The baking heat of the desert greeted me when I stepped off the plane in Morocco. Welcome to Marrakech, a city of pink buildings drowning in a sea of satellite dishes. Imagine narrow winding streets filled with drivers texting and honking as they fly past on mopeds. Snake charmers. French-style pâtisseries. Open air butcher shops. Tea shops, full to the brim even in the sweltering heat of the day. Donkey traffic. Veil culture ranging from no veils to fully-veiled, showing off slits of almond eyes. The never-ending song of aggressive hawkers echoing from every souk.
The best way to counter all this sensory overload is to retreat to the serenity of a riad, or traditional Moroccan home or palace centered around a courtyard or garden, serving as a hotel. A majority of riads are located in the city’s historic medina, or walled old town. Marrakech is riad central, with hundreds of stylish luxury riads springing up everywhere in recent years, many of them European-owned.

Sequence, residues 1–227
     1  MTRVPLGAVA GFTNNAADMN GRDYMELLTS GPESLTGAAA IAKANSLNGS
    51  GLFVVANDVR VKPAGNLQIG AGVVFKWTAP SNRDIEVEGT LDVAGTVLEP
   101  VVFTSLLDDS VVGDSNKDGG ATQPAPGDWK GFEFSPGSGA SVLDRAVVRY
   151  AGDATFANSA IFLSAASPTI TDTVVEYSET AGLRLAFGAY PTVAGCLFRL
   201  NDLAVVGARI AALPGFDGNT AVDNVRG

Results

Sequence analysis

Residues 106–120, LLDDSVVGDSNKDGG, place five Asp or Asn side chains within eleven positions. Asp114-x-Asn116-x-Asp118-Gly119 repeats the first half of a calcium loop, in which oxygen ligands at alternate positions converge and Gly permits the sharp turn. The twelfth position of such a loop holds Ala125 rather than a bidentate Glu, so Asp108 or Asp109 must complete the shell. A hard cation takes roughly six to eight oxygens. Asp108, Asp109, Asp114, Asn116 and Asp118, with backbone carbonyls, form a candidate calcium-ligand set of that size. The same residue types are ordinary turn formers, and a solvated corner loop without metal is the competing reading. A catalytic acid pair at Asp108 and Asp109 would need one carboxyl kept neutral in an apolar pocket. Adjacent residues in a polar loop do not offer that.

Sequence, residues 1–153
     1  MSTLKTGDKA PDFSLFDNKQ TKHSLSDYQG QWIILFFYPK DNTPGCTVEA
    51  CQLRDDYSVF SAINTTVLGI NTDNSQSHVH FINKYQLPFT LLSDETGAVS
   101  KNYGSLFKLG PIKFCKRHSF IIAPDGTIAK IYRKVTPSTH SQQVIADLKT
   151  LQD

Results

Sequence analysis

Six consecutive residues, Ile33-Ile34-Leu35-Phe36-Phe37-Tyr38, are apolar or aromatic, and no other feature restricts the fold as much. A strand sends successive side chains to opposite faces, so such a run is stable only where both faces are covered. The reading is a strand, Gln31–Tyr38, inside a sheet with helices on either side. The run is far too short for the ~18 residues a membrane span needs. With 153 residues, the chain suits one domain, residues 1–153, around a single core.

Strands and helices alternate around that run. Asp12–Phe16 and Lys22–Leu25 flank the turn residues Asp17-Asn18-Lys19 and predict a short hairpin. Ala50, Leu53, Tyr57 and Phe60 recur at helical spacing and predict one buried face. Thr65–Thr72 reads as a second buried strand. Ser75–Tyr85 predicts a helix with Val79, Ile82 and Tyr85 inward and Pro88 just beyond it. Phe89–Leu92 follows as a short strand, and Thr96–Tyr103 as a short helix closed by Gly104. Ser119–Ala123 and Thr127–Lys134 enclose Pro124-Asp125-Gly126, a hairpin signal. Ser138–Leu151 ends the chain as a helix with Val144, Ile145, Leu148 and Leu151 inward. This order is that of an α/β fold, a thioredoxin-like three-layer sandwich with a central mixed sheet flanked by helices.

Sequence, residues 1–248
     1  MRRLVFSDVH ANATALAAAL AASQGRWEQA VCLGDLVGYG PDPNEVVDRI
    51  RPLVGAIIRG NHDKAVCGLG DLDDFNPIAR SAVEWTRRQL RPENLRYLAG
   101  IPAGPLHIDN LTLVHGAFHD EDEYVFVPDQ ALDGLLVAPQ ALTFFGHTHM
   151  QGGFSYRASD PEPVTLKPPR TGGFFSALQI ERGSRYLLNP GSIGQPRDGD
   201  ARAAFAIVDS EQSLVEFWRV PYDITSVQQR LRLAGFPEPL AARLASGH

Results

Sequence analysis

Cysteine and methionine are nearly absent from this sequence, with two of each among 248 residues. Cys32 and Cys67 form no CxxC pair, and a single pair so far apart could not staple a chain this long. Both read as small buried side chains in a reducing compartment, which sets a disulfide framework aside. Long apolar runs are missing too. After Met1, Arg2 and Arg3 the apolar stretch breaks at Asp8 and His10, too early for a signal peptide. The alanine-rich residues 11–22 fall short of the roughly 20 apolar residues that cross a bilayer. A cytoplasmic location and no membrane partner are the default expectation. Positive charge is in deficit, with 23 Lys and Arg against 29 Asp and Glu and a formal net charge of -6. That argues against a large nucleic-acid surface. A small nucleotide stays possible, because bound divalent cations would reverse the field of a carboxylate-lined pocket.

The best riads are decked out in traditional Moroccan furnishings with beautiful ceramic tile-work, mosaic fountains, carved wood accents and Moroccan art and crafts. In fact, for design aficionados, riads can be some of the best places in the country to sample traditional Moroccan craftsmanship, architecture, and interior design. They are also excellent places to enjoy world-class Moroccan cuisine. The following are a few must see riads in Marrakech that combine excellent design and culinary prowess with opulent luxury: La Sultana, Riad Kniza, La Maison Arabe, and the legendary La Mamounia.